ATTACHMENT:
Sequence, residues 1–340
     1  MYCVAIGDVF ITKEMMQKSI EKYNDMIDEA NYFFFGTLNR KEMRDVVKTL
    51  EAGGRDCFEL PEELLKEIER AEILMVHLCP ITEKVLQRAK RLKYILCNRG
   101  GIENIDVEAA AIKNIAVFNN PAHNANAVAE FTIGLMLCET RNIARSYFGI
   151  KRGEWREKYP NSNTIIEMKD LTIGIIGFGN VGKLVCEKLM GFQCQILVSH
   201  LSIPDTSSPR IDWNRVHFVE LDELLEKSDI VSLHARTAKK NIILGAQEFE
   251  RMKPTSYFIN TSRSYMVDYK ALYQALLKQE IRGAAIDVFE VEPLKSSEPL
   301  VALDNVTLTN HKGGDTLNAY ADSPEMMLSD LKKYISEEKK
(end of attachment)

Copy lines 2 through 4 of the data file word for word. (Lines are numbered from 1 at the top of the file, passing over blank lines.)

     1  MYCVAIGDVF ITKEMMQKSI EKYNDMIDEA NYFFFGTLNR KEMRDVVKTL
    51  EAGGRDCFEL PEELLKEIER AEILMVHLCP ITEKVLQRAK RLKYILCNRG
   101  GIENIDVEAA AIKNIAVFNN PAHNANAVAE FTIGLMLCET RNIARSYFGI